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Parker 96 p / The 2009 Montrachet has come together beautifully since I last tasted it from barrel. From barrel the 2009 was super-ripe and almost tropical but it seems to have settled down over the last year. There is still plenty of signature 2009 richness and ripeness, but the wine’s minerality is now much more present. A brilliant, textured finish rounds things out in style. Overall, the 2009 is a mid-weight Montrachet. I would love to see it age for several decades, but it takes a pretty courageous soul to age white Burgundy these days. Anticipated maturity: 2014+.
Domaine de la Romanee-Conti’s 2009s have turned out just as brilliantly as I had hoped. The wines reflect the signature qualities of the year, but never lose their essential classicism. Long-time DRC fans know the domaine bottles in six-barrel lots, which naturally introduces a level of bottle variation that is not found in most other wines. I hope the massive amount of information that has recently come to light regarding counterfeit wines and their proliferation might be the catalyst for the domaine to consider bottling their wines in one homogenous lot, as is common for the vast majority of high-quality wines throughout the world. Once the domaine’s wines mature in 20-30 years it will be impossible to tell the difference between ‘normal’ bottle variation, poorly stored bottles and very good fakes. Certainly consumers who are willing and able to pay the prices these wines fetch are at the very least deserving of a consistent product.
The Montrachet family consists of grand five Grands Crus grown in the two villages of Puligny-Montrachet and Chassagne-Montrachet. These two share the Montrachet and Bâtard-Montrachet appellations. Chevalier and Bienvenues belong to Puligny, Criots belongs to Chassagne. These Grands Crus are the most southerly of the Côte-d'Or, and lie between Meursault in the north and Santenay in the south. Their origins go back to the Middle Ages - the work of the Cistercian abbey of Maizières and the Lords of Chagny. The wines of Montrachet (pronounced Mon-rachay) came fully into their own in the 17th century. There is no argument : this is the finest expression of the Chardonnay grape anywhere on earth. The Grand Cru appellations date from 31 July, 1937.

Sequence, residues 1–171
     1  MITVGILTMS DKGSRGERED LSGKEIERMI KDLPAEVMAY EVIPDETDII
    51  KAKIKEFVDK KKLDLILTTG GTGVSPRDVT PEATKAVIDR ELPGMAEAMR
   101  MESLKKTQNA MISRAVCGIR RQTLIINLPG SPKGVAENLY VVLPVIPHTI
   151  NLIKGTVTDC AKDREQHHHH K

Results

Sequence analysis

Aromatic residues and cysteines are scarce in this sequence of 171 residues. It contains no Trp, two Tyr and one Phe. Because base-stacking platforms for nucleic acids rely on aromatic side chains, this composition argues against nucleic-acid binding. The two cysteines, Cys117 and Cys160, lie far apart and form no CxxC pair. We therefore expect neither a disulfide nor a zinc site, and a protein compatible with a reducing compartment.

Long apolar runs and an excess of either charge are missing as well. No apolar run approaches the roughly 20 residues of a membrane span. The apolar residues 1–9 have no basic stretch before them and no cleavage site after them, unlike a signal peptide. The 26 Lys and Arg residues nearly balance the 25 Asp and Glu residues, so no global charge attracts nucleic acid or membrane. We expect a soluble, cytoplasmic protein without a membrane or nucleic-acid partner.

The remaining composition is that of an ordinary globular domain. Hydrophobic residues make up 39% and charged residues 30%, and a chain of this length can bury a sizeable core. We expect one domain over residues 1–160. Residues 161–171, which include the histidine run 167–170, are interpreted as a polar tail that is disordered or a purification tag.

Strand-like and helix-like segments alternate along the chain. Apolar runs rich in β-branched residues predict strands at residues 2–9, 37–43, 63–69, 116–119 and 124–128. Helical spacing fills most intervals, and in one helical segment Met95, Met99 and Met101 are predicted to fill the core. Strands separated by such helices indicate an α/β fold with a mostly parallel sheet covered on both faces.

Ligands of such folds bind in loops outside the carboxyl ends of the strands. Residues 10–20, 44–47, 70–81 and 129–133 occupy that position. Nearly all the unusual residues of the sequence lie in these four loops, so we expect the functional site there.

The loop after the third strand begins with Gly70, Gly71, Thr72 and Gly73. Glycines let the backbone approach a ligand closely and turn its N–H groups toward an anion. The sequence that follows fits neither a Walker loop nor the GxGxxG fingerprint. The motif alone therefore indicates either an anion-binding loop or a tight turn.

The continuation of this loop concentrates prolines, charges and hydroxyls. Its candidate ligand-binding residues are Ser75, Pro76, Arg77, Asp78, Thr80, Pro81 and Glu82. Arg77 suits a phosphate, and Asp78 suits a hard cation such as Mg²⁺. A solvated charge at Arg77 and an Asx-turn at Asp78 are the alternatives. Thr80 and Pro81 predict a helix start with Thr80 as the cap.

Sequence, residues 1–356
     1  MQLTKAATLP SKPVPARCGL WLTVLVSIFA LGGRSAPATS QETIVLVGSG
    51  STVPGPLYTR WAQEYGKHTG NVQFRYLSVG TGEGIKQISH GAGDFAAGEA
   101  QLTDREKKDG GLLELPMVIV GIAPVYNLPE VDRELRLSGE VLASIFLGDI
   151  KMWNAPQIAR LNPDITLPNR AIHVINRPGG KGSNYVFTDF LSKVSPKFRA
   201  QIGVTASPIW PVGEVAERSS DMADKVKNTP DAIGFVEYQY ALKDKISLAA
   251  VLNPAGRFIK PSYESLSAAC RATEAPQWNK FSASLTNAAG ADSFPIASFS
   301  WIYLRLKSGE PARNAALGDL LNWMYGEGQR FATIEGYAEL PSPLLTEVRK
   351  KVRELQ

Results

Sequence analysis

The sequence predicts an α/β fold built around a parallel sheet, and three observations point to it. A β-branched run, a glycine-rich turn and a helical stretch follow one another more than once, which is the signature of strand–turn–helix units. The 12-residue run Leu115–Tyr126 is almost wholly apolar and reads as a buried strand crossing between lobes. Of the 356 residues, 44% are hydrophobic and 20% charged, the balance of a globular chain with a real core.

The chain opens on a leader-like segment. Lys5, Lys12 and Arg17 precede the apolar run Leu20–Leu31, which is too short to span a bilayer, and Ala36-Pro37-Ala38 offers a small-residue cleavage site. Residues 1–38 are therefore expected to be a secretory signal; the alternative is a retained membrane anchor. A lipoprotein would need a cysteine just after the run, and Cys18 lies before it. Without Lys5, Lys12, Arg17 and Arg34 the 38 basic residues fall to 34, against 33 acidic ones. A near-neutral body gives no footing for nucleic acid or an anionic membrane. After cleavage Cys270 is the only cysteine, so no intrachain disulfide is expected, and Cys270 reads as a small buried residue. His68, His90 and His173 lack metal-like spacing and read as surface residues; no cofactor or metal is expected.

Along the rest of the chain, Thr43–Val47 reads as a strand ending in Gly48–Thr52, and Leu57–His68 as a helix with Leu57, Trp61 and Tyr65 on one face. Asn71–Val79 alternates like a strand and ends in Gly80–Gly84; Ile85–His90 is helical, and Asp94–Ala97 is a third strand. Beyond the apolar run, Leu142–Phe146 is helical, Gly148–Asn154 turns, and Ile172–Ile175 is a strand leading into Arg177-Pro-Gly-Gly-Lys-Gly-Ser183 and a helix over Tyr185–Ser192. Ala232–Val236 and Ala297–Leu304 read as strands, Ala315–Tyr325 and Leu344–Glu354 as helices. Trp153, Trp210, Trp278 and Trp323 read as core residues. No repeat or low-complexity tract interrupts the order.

The underlying rocks date from the Jurassic, 175 million years BC. Exposures lie to the east and the south. Altitudes: 265-290 metres (Chevalier) ; 250-270 metres (Montrachet) ; 240-250 metres (Bâtard, Bienvenues, Criots). In the " Climat " of Montrachet, the soils are thinnish and lie on hard limestone traversed by a band of reddish marl. In Chevalier, the soils are thin and stony rendzinas derived from marls and marly-limestones. In the Bâtard " climat " soils are brown limestone which are deeper and, at the foot of the slope, more clayey.
The power and aromatic persistence of these lofty wines demands aristocratic and sophisticated dishes with complex textures : « pâté » made from fattened goose liver, of course, and caviar. Lobster, crawfish, and large wild prawns, with their powerful flavours and firm textures, pay well-deserved homage to the wine and match its opulence. Firm-fleshed white fish such as monkfish would be equally at home in their company. And let us not forget well-bred and well-fattened free-range poultry whose delicate flesh, with the addition of a cream-and-mushroom sauce, will be lapped up in the unctuous and noble texture of this wine. Even a simple piece of veal, fried or in sauce, would be raised to heavenly heights by the Montrachet's long and subtle acidity.
Serving temperature : 12 to 14 °C.
In exceptionally sunny years, it often happens that the sun accompanies the grapes, which it took so much care to ripen, from the end of vattings to the birth of the wine. This is what happened this year - a year ending with a « 9 » which once more associates this figure with the star of life.
The Indian summer set in at the end of the harvest and the glorious vineyards, relieved of their fruit, are changing colours every day, becoming more and more golden-yellow, as if the nostalgia for summer days was expressing itself through the gold that covers the leaves before they fall off and provide nourishment to the soil.